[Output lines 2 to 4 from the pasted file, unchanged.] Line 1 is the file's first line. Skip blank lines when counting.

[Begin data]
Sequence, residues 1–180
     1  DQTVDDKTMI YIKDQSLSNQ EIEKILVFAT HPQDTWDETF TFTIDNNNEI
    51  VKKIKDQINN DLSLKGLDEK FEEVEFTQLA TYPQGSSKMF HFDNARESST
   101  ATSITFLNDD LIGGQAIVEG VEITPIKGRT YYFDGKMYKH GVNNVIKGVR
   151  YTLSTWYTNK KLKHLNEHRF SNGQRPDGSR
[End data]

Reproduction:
     1  DQTVDDKTMI YIKDQSLSNQ EIEKILVFAT HPQDTWDETF TFTIDNNNEI
    51  VKKIKDQINN DLSLKGLDEK FEEVEFTQLA TYPQGSSKMF HFDNARESST
   101  ATSITFLNDD LIGGQAIVEG VEITPIKGRT YYFDGKMYKH GVNNVIKGVR